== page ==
New technologies, systems and approaches to help older people stay well while living independent lives are to be developed through a £2m programme.
Delivered by the Technology Strategy Board (TSB) and the Design Council, the Independence Matters programme will see designers, industry, and young people working in partnership with older people to jointly develop and test new systems and services that tackle issues of mobility, nutrition, fitness and keeping connected to friends, family and the younger generation.
According to the TSB, enabling older people to live longer in their own home is a particularly pressing issue. Over 65s will make up 23 per cent of the UK population by 2034, according to the Office for National Statistics, and by 2025 almost 1.5 million people in the UK will be living with an age-related disability.
Independence Matters involves two projects: Home and Away, and Keeping Connected.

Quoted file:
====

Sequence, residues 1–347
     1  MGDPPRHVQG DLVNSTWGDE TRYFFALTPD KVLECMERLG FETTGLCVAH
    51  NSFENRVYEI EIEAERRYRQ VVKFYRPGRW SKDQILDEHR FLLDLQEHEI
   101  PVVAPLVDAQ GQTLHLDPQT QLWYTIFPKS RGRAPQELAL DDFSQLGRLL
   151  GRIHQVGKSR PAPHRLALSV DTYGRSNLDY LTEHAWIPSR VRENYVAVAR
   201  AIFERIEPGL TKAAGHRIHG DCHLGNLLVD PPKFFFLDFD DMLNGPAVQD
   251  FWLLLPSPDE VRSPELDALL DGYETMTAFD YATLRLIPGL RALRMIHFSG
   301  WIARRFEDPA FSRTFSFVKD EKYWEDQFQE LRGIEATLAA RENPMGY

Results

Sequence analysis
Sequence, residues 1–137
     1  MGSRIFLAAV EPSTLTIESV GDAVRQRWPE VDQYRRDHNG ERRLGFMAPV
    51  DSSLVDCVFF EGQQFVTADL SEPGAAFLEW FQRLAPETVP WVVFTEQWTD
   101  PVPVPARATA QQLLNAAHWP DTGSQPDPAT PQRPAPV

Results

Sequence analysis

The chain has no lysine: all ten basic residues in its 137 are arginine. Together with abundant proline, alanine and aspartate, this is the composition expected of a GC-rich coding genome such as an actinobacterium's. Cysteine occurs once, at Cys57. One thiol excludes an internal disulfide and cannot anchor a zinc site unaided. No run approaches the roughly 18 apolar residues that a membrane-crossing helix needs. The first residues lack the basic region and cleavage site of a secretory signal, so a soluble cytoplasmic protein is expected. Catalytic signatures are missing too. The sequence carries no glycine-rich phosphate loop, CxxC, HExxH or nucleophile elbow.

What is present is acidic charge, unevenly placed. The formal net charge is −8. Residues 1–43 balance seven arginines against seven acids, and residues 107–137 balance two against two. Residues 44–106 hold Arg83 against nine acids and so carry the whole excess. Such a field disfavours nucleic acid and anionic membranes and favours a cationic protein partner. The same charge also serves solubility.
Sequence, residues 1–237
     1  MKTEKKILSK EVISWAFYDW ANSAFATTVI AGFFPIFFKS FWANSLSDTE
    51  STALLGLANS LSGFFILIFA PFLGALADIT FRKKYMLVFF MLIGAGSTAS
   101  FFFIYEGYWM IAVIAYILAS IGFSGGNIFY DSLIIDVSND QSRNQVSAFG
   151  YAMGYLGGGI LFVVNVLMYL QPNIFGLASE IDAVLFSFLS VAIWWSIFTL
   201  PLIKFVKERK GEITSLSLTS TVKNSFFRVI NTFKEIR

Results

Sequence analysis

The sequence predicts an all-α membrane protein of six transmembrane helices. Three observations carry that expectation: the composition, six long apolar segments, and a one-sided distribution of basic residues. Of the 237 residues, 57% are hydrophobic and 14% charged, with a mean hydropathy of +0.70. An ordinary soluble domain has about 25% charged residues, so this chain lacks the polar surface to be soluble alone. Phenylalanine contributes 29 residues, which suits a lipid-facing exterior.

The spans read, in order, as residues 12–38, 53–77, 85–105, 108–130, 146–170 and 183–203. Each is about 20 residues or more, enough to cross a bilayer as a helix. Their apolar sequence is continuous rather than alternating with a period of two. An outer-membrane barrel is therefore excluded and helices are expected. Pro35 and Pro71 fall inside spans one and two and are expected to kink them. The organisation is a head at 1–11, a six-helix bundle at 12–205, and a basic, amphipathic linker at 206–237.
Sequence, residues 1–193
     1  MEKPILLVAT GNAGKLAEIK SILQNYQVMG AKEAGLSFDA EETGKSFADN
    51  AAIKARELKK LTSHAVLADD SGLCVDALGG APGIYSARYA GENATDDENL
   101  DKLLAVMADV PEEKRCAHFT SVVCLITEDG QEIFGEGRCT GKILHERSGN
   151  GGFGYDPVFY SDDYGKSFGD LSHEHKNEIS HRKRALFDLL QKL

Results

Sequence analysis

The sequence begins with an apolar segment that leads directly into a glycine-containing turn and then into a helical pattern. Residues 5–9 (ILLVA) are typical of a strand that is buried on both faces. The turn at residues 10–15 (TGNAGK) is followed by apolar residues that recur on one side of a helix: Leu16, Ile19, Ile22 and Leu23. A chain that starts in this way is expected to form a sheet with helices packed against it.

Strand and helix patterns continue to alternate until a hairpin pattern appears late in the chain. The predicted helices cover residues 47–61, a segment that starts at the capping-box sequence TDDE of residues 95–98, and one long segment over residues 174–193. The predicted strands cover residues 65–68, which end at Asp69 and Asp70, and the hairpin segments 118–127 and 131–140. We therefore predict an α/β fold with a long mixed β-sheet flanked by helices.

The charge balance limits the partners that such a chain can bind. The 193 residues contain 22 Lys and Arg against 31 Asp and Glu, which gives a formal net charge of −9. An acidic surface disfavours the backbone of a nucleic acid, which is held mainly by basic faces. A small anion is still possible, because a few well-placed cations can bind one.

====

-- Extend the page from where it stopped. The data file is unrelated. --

The former is expected to generate solutions to help people live independently for longer. The TSB will offer Small Business Research Initiative (SBRI) development contracts to enable designers and businesses to work with older adults and third-sector organisations.
The latter will design and deliver designs for technology-enabled systems and services that improve the quality of life of older people, while working in a new way with young people in schools, engaging with older people, designers and industry.
‘Design excels in finding new ways to solve complex social challenges – and they don’t come much more important than helping our current and future ageing population to live healthy, fulfilling and independent lives,’ said David Kester, chief executive of the Design Council. ‘This is not just a “must-do” for our society – it also makes great business sense for designers, service providers and manufacturers to develop new innovations to capitalise on what is a massive and growing global market.’
Further announcements launching the various elements of Independence Matters projects will be made in the coming weeks.
An ageing society presents design opportunities for today’s engineers. Click here to read more.